Frontend Developer Software Developer || Fascinated by tech trends || Building usable systems that work on web and mobile.


Newly open-sourced React framework

Remix is a full stack web framework that lets you focus on the user interface and work back through web fundamentals to deliver a fast, slick, and resilient user experience.


Nowadays, it seems like there’s a React framework being introduced every day. And while every React framework has something special to offer, Remix stands out. Though it isn’t new, it recently became open source after initially being available on a paid subscription basis.

Remix is a React framework used for server-side rendering (SSR). This means that both the backend and the frontend can be made using a single Remix app. Data is rendered on the server and served to the client side with minimum JavaScript. Unlike vanilla React, where data is fetched on the frontend and then rendered on the screen, Remix fetches data on the backend and serves the HTML directly to the user.

In this article, we will discuss some cool things about Remix, then move on to create an SSR weather app using this new framework. 

Benefits of using Remix

Remix, just like other frameworks, has some special built-in features that make it convenient for developers. Here are some of my favorites:

Nested pages

Any page inside a route folder is nested in the route instead of being separate. This means you can embed these components into your parent page, which also means less loading time.

Another advantage of doing this is that we can enforce error boundaries to these embedded pages, which will help with error handling.

Error boundaries

Suppose you get an error in a Remix component or a nested route; the errors are limited to the component and the component will fail to render, or it will simply show an error. In other frameworks, it will break the entire page, and you will see a huge error screen.

While error boundaries can be implemented in Next.js as well, Remix has this built in, and I think it’s a cool feature for production builds so that the user doesn’t get locked out of the entire page for a simple error.


Remix automatically handles all loading states for you; all you have to do is tell Remix what to show when the app is loading. In other frameworks like Next.js, you need to set the loading state using some state management library like Redux or Recoil. While there are libraries that can help you do the exact same thing in other frameworks, Remix has this built in.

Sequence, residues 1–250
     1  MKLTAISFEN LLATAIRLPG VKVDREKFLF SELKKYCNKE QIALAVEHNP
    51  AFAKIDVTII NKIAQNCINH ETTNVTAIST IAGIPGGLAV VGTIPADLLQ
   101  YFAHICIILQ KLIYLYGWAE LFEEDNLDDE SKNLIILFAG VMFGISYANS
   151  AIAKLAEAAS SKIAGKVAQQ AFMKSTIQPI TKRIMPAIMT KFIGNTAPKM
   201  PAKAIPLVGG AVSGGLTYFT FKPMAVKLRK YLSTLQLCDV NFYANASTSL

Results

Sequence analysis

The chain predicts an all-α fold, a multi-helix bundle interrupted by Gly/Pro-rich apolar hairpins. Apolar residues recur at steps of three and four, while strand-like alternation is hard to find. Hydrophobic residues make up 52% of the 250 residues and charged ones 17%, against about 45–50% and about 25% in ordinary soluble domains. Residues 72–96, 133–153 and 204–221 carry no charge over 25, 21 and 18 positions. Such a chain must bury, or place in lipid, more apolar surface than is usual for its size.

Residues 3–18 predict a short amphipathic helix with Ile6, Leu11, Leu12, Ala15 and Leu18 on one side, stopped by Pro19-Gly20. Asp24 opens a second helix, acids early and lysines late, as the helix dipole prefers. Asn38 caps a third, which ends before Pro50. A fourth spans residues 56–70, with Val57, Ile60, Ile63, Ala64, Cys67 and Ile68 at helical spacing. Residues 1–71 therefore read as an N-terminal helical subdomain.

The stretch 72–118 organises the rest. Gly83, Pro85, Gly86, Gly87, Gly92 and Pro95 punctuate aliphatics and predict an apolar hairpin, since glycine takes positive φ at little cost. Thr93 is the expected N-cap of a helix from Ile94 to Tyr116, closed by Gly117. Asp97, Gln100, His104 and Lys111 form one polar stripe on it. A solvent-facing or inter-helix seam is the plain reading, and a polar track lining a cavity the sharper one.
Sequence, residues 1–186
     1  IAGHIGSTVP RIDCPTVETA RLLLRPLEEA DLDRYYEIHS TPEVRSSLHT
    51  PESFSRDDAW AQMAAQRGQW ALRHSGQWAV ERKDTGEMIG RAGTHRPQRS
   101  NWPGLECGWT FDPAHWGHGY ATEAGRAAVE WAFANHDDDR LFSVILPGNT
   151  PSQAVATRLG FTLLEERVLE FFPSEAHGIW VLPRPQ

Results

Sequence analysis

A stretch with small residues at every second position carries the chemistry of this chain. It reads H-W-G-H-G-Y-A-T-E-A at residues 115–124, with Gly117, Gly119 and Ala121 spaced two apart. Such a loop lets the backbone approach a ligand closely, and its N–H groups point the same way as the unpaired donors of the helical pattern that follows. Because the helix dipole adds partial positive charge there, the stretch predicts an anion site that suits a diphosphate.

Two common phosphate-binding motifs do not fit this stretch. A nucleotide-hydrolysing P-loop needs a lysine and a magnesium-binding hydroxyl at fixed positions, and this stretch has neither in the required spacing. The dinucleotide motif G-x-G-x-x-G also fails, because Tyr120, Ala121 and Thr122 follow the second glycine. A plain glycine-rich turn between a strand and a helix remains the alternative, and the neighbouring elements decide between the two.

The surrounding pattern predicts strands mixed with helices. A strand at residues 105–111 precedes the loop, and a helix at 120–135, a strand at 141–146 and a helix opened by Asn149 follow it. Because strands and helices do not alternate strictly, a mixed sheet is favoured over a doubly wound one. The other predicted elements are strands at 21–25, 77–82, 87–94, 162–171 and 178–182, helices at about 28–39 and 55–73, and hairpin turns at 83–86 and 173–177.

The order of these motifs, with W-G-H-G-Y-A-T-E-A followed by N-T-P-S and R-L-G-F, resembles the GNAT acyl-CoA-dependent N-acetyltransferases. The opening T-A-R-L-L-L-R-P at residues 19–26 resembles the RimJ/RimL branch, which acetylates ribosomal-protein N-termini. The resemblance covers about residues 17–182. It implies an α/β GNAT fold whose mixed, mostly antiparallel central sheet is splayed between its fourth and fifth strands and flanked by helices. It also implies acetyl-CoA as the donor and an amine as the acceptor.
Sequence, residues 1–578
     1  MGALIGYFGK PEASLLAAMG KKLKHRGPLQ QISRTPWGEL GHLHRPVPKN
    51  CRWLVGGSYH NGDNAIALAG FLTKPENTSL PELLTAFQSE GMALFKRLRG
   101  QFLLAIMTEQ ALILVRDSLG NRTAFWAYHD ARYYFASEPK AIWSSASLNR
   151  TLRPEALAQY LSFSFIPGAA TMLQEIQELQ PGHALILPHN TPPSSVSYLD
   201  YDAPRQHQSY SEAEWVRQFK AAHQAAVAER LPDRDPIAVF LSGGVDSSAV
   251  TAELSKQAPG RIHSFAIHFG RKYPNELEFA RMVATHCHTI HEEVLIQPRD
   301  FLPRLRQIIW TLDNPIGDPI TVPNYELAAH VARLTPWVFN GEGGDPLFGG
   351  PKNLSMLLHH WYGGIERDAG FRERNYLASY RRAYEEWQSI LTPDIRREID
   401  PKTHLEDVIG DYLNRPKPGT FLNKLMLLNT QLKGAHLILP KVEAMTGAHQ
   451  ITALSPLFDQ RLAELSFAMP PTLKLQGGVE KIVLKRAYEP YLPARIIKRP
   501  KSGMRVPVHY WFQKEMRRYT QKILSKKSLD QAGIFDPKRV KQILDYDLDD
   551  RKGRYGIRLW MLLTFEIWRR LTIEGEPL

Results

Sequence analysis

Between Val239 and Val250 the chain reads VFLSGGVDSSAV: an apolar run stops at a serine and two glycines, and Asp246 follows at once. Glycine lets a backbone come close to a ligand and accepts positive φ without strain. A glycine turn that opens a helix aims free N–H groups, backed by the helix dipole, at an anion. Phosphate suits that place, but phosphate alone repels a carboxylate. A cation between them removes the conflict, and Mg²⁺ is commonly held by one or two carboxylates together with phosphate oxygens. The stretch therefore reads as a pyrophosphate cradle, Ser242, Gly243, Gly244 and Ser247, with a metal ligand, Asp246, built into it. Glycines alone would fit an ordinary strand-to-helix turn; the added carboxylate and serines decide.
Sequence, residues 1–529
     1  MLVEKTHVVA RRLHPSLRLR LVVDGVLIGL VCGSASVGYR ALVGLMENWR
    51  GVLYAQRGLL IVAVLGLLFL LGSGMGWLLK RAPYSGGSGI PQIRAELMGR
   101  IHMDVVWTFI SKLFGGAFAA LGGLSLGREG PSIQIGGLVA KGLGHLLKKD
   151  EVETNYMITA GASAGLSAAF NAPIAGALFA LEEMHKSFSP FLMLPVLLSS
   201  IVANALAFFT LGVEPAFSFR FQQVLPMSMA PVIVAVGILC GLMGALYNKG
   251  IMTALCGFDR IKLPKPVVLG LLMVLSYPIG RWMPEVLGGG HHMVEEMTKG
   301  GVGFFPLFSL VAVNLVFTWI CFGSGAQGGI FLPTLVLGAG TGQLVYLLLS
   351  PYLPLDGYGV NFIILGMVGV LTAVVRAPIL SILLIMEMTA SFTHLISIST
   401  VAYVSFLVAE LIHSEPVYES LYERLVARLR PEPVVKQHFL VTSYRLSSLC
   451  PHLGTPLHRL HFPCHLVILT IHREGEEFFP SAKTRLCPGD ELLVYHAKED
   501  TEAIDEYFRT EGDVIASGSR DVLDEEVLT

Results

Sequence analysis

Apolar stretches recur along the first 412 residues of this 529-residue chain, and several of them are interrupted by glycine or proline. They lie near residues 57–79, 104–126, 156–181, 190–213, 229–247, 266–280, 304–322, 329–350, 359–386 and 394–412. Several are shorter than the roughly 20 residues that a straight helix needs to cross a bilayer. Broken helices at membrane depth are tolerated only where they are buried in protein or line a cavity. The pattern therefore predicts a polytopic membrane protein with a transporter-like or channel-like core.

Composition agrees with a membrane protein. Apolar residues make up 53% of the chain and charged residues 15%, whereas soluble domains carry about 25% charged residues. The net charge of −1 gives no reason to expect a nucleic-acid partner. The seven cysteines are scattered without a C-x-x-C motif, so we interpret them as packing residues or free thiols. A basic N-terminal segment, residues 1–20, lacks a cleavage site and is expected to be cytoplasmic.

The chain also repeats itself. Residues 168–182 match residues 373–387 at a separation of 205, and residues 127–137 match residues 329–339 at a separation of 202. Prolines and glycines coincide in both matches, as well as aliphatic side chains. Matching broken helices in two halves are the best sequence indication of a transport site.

Traditional forms

Now we are going back to when developers used PHP. We used to specify a form method and action with a valid PHP URL; we use a similar approach in Remix.

I know this doesn’t sound fun because we are used to onClick, onSubmit, and HTTP calls. But Remix handles this situation in a completely different way by providing functions like action and loader to perform server-side operations. Form data is easily available in these functions. This means there’s absolutely no need to serve JavaScript to the frontend to submit a form.

Suppose you have a fairly simple website and you don’t really need to serve JavaScript to the frontend. This traditional form method works the best in these situations. In other frameworks, you might need to serve JavaScript to make a fetch or an axios call, but you don’t need to do that in Remix. It helps keep things simple.

Drawbacks of using Remix

  • Routing system might be confusing
  • Smaller community

What makes Remix different from Next.js?

Remix and Next.js because both of them support SSR. However, while Next.js supports SSG and other awesome tools, Remix only focuses on SSR.


If you want to follow this tutorial locally on your own computer, it is important for you to have these things installed:

  • Node.js 14 or greater
  • npm 7 or greater
  • A code editor

Creating a Remix app

Navigate to a safe directory and use the following command in the terminal to initialize the installation of our Remix app:

npx create-remix@latest

Of course, you can replace app-name with whatever project name is suitable for you. Once you hit Enter, you will see an interactive menu that will help you make a Remix app.

Project Structure

Let’s talk briefly about a few of these files:

  • app/ – This is where all your Remix app code goes
  • app/entry.client.tsx – This is the first bit of your JavaScript that will run when the app loads in the browser. We use this file to hydrate our React components.
  • app/entry.server.tsx – This is the first bit of your JavaScript that will run when a request hits your server. Remix handles loading all the necessary data and you’re responsible for sending back the response. We’ll use this file to render our React app to a string/stream and send that as our response to the client.
  • app/root.tsx – This is where we put the root component for our application. You render the <html> element here.
  • app/routes/ – This is where all your “route modules” will go. Remix uses the files in this directory to create the URL routes for your app based on the name of the files.
  • public/ – This is where your static assets go (images/fonts/etc)
  • remix.config.js – Remix has a handful of configuration options you can set in this file.

Go ahead and run the build:

npm run build

That should output something like this:

Building Remix app in production mode…

Built in 132ms

Now you should also have a 

  1. .cache/ directory (something used internally by Remix)
  2.   build/ directory, and a
  3.  public/build directory. 

The build/ directory is our server-side code. The public/build/ holds all our client-side code. These three directories are listed in your .gitignore file so you don’t commit the generated files to source control.

 Let’s run the built app now:

npm start

This will start the server and output this:

Remix App Server started at http://localhost:3000